Coronavirus' impact on soccer could be felt for years to come


The devastating impact of Coronavirus is changing on an hourly basis, and it has already caused plenty of disruption to soccer. Serie A is canceled until at least April, La Liga, and Euro 2020 playoffs are being played behind closed doors, and AFC World Cup qualifiers have been postponed through June. Champions League matches are also being played behind closed doors and there are reports the competition may be suspended entirely after the Round of 16.

In the Premier League, where pre-match handshakes have already been scrapped, Liverpool need only six more points to secure the title. It’s possible that they lift their long-awaited trophy in an empty stadium, with no celebration parade.

Soccer is facing its biggest disruption since World War II, which was the last time a major league was suspended. There will be a big knock-on effect in the short term, but the COVID-19 outbreak could have consequences that last for many years in the beautiful game.

For starters, if European league activity is postponed outside of Italy, it is likely that those leagues will overlap with the proposed staging of Euro 2020 this summer (and that tournament, by the way, is being held across 12 different countries, which is not ideal for virus containment).

If league seasons are ended early, instead of delayed, that would have huge and controversial impacts on Champions League qualifications, promotions, and relegations. The lawsuits and protests from clubs who have been denied a Champions League spot, a promotion, or who are unduly relegated, could last for years.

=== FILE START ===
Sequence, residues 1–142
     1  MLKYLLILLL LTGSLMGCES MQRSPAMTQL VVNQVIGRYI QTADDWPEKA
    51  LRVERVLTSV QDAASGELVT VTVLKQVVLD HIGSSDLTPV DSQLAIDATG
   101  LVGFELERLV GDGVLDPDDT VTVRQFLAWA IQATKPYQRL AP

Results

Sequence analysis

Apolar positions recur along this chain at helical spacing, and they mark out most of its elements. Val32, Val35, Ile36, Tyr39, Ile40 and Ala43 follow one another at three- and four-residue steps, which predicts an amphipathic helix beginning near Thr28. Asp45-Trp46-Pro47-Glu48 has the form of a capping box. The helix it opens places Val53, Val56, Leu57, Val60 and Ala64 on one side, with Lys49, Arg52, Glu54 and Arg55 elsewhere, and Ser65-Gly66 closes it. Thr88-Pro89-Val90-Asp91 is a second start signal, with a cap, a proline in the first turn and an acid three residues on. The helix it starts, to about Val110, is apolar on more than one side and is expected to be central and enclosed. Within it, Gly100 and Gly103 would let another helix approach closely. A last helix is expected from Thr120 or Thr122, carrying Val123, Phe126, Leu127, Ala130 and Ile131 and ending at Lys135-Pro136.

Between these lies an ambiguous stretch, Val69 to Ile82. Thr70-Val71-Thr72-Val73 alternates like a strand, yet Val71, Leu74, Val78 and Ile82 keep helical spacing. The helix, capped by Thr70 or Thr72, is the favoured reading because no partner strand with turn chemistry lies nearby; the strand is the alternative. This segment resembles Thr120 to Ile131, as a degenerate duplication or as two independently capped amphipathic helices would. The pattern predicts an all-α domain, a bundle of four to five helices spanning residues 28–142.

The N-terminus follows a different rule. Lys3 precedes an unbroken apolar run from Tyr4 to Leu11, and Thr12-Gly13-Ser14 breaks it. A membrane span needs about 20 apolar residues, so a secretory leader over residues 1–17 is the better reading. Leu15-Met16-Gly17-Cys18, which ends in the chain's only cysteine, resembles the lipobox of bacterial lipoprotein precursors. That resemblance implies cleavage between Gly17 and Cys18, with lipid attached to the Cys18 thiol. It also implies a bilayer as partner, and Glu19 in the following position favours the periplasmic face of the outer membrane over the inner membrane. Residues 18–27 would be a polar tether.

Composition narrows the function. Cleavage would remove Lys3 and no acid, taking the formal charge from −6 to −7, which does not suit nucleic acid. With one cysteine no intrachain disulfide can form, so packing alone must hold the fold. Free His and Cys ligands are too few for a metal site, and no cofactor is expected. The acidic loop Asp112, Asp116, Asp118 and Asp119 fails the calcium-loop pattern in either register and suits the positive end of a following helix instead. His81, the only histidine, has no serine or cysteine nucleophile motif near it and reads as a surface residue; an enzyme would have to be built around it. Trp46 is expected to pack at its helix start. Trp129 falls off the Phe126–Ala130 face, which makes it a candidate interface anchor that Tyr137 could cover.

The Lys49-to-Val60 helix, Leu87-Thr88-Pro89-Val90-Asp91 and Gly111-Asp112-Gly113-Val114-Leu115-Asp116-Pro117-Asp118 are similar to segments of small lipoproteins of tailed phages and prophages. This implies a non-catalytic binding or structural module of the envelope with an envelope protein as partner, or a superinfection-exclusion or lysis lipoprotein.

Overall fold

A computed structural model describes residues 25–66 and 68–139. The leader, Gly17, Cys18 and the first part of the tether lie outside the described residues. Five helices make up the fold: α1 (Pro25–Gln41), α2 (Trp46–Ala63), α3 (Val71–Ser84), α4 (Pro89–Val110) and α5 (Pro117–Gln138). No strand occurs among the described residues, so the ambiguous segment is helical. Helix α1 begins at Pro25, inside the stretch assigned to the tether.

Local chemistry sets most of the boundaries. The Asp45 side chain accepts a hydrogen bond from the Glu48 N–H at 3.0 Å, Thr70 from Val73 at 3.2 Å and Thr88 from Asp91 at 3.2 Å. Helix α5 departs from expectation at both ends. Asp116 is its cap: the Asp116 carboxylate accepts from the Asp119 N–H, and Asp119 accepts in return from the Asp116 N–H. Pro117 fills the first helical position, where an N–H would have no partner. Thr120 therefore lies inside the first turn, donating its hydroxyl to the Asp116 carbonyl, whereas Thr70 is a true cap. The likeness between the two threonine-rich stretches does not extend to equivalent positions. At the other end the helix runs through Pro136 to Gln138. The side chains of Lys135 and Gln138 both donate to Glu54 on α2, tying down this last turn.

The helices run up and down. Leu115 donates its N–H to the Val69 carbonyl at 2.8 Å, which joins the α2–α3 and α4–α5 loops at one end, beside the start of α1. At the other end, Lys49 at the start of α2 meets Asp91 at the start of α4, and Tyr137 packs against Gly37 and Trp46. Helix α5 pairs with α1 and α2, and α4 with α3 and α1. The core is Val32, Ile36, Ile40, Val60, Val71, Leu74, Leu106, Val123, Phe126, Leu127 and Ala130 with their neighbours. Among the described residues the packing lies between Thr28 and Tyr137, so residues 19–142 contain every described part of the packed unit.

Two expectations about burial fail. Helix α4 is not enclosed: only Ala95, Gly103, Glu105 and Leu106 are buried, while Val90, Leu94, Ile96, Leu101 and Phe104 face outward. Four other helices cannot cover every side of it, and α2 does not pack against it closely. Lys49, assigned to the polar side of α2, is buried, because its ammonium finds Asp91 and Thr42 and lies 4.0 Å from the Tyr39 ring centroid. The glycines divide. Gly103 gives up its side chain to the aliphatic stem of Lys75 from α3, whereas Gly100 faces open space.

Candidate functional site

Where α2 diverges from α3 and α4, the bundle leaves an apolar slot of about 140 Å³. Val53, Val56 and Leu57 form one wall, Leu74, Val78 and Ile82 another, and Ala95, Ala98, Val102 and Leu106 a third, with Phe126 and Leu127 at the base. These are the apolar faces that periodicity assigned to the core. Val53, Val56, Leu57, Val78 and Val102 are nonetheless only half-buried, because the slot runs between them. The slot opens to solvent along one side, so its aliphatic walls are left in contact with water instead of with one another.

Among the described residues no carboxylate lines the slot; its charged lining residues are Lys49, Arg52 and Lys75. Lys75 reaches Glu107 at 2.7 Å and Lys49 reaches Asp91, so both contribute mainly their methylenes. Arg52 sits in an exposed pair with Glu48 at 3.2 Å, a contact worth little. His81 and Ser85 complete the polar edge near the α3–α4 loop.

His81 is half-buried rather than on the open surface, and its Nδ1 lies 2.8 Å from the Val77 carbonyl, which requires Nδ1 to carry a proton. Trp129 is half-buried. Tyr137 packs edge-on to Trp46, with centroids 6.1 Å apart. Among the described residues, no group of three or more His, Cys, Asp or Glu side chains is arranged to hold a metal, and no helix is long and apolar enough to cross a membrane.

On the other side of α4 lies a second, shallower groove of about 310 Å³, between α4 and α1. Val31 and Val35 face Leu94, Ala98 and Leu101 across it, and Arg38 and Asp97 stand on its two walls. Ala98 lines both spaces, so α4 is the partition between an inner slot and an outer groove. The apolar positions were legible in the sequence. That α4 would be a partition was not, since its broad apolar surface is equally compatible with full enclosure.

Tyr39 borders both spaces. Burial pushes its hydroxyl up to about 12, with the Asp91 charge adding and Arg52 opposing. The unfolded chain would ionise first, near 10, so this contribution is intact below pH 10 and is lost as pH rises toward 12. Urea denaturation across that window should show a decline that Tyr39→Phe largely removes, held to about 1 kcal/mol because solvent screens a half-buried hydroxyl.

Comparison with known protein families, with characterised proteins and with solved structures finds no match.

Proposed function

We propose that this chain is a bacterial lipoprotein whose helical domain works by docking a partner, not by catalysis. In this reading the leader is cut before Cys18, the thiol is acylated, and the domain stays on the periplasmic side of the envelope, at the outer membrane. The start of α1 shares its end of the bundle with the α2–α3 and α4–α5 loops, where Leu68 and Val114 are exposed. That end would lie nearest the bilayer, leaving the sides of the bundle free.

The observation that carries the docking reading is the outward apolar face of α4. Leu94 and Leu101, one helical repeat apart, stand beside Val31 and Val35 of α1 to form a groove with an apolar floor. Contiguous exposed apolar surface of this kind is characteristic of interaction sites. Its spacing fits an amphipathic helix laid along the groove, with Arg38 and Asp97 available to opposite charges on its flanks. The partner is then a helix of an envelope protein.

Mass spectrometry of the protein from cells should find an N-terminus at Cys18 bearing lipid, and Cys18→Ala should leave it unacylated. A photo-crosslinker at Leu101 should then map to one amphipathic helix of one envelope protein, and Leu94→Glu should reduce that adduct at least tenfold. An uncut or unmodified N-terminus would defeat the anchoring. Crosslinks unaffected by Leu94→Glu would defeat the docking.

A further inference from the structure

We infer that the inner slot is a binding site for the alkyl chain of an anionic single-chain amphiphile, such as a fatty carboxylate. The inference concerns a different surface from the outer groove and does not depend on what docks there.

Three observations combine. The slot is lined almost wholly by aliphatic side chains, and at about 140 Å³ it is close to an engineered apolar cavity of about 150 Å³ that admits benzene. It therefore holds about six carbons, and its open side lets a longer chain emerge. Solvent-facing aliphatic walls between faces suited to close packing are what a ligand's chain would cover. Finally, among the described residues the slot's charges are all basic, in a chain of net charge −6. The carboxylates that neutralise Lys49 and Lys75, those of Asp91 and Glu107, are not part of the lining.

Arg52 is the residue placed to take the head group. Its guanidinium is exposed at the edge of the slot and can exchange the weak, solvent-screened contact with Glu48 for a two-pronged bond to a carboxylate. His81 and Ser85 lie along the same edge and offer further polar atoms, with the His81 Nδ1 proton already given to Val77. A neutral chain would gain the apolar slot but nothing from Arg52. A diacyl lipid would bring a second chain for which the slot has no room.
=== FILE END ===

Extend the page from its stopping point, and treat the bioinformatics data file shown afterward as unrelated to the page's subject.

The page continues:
The suspension of games would be problematic, but it might actually be worse to keep playing games behind closed doors. Bigger clubs could afford it in the short term, but it could affect their spending power and quality on the field for a long time: Borussia Dortmund, for example, estimates it will cost them up to €3m per match day to play without fans.

But the real problems come for smaller sides who completely rely on ticket sales to stay afloat.
According to the Guardian, few Championship and lower league clubs are insured for missing income due to a public health epidemic, and they simply couldn’t afford to play to empty stadiums and issue supporter refunds.

Coronavirus could, therefore, cause a lot of teams to fall into financial ruin and go out of business, particularly those who are lower down in Europe’s league structures. For more on the beautiful game - follow @FCYahoo on your favorite social channels…